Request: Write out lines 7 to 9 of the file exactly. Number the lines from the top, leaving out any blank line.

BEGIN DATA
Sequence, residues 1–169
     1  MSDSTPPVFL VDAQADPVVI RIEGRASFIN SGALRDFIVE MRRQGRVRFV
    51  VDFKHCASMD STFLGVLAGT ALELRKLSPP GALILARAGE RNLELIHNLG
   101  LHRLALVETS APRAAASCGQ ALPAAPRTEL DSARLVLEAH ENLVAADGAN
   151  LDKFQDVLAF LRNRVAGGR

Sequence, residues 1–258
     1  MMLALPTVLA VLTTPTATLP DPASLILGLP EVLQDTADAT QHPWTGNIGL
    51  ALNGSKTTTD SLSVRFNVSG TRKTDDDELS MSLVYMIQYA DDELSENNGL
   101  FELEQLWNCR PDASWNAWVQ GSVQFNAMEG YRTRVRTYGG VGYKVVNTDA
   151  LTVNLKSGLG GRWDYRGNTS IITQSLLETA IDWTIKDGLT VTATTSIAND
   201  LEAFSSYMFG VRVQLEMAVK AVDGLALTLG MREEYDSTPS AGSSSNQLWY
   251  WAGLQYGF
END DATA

     1  MMLALPTVLA VLTTPTATLP DPASLILGLP EVLQDTADAT QHPWTGNIGL
    51  ALNGSKTTTD SLSVRFNVSG TRKTDDDELS MSLVYMIQYA DDELSENNGL
   101  FELEQLWNCR PDASWNAWVQ GSVQFNAMEG YRTRVRTYGG VGYKVVNTDA